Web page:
The torrential rains at the summer resort in the Catskills, where my dad was a weekend bass player, entitling us to the use of a free if leaky bungalow, drove all us campers into the cavernous dance hall for an impromptu game of trivia. I was 5 years old, and the first up. “Where are you from?” the head counselor asked when I had climbed onto the stage.
I was so intently focused on my private, newfound passion that I hardly registered the question. “Math!” I answered, only to be baffled when everyone around me erupted in laughter.
Mathematics is a universal language of pattern. Equations articulate relationships. They speak to unassailable truths that stand beyond the vagaries of perception and interpretation. Every flat, right-angled triangle drawn before Pythagoras, and every one after, until eternity, satisfies the famous theorem that bears the ancient Greek philosopher’s name. There are no exceptions. That’s the nature of mathematical insight. And through its terse, pristine delineation of inflexible truth, mathematics offers us the comfort of reliability and the beauty of precision. Since my earliest introduction, I have felt the deep allure of these unchanging patterns. Patterns that are impervious to authority. Patterns that transcend all things personal.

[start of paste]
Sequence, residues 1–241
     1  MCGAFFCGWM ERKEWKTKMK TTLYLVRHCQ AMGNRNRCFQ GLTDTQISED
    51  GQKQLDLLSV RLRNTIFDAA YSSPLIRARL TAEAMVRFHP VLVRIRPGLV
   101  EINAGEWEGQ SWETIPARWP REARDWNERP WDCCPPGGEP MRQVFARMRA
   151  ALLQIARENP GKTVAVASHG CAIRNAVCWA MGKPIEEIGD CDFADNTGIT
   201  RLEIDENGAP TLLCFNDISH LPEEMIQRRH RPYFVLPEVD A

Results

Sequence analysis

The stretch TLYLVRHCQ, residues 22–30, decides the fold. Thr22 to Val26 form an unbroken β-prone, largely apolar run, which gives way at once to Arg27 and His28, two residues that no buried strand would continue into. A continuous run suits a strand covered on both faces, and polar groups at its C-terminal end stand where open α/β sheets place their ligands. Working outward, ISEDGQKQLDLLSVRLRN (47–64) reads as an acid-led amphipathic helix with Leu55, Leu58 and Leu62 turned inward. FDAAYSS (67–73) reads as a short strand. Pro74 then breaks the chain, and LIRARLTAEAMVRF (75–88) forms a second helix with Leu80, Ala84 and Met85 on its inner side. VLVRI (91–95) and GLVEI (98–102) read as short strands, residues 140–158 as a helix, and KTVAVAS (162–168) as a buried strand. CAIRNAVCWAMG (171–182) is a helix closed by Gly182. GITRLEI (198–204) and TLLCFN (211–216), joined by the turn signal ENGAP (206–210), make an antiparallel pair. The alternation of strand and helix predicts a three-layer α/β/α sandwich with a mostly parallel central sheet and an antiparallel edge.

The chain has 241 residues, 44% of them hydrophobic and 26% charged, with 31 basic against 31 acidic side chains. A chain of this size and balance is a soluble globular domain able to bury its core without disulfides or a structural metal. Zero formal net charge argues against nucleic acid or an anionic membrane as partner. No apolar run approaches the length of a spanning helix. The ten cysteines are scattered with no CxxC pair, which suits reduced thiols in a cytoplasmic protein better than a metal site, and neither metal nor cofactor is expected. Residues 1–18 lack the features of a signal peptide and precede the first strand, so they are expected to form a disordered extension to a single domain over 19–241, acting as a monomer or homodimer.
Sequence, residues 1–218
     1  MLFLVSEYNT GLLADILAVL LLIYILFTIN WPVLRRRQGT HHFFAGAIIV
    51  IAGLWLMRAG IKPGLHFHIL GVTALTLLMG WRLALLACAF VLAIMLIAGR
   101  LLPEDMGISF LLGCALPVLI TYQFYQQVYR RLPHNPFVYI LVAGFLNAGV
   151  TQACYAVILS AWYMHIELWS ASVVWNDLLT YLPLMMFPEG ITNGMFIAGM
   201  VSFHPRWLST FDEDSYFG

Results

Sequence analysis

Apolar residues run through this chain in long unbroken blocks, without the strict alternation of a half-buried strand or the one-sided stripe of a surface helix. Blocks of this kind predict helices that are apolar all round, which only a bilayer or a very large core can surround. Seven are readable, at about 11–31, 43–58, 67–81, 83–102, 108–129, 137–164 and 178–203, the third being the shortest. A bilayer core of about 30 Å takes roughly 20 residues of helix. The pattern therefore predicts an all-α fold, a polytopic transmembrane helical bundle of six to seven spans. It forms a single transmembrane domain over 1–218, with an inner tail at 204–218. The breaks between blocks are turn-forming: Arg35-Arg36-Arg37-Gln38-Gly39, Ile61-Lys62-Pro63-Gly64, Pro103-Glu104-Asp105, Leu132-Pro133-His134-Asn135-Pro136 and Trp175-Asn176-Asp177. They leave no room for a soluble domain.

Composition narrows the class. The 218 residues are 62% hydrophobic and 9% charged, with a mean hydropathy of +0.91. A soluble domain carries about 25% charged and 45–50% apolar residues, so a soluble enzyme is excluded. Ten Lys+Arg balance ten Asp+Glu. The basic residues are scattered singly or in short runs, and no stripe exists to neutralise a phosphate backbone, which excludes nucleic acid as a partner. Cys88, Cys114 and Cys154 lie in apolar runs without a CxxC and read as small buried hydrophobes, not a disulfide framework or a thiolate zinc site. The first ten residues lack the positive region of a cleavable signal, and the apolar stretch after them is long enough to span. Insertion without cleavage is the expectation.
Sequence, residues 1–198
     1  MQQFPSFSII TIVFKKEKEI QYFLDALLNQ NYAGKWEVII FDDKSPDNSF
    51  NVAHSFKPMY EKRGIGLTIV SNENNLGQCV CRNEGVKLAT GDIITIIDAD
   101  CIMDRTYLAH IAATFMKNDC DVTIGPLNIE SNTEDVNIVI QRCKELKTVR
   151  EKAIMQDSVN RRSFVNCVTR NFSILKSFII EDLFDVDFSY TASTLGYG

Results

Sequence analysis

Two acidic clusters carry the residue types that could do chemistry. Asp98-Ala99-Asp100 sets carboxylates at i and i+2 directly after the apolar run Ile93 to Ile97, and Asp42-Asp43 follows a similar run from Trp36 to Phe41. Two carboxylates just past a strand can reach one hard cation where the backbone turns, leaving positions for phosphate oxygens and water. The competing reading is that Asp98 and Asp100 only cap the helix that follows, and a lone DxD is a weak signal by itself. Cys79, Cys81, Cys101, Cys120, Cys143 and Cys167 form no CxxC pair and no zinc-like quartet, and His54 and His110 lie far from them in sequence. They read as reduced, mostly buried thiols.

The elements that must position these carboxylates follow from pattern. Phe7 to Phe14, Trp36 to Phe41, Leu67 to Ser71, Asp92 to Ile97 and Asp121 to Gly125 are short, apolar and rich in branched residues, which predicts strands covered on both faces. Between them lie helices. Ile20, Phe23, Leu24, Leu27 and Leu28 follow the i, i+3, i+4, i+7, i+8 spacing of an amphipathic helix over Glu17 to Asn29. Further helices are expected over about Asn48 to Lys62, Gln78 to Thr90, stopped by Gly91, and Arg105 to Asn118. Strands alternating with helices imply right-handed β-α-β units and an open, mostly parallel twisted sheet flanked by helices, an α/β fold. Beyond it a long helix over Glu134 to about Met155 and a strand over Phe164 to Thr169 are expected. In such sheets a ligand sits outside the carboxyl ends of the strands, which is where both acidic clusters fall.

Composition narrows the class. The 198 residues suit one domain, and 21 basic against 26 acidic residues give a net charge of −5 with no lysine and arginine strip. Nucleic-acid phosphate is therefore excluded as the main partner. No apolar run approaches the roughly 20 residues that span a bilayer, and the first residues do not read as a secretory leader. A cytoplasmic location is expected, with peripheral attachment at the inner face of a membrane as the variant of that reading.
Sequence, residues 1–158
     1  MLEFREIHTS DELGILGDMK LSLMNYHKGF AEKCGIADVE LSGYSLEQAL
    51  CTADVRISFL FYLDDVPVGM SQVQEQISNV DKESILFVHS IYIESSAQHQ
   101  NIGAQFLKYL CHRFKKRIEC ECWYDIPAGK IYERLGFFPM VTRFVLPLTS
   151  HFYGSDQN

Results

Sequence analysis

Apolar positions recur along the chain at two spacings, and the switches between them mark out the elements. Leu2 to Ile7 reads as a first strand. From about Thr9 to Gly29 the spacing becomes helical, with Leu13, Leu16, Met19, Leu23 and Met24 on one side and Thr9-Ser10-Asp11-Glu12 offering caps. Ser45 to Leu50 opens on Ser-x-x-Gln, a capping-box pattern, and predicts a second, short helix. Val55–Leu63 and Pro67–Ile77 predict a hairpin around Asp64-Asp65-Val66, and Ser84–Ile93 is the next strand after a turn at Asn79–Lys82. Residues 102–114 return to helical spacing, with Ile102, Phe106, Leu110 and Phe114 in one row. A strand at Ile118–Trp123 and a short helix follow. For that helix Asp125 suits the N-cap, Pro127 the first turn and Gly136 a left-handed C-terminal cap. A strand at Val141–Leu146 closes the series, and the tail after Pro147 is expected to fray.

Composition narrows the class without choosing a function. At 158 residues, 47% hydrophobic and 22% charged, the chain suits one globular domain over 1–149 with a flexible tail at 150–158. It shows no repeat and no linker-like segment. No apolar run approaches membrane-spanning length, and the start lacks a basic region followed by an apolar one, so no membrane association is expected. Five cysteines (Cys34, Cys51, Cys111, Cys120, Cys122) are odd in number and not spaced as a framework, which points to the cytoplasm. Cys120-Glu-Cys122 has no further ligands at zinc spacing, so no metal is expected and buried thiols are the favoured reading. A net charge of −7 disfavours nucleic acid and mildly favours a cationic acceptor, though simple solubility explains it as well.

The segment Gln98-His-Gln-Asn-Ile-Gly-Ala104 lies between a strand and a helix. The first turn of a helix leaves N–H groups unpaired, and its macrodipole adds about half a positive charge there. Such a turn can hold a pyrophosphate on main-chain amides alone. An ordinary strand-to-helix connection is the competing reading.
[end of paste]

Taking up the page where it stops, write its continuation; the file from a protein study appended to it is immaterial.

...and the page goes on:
It is a perspective I have found to be widely shared among those who practice mathematics or physics as a profession.
All the same, many more of us are drawn to patterns of a different sort, patterns conveyed through particular combinations of sounds and colors and shapes and textures and movements, yielding works of music or dance or film or painting or sculpture — patterns, that is, which emerge as creative human expression. These are patterns we value because of, not in spite of, their capacity to reflect thoroughly personal, deeply subjective responses to the infinite spectrum of human experience. As cave paintings, ancient figurines and archaic musical instruments attest, since the earliest glimmers of thought our species has intensely pursued and consumed such expression.
And that presents a puzzle.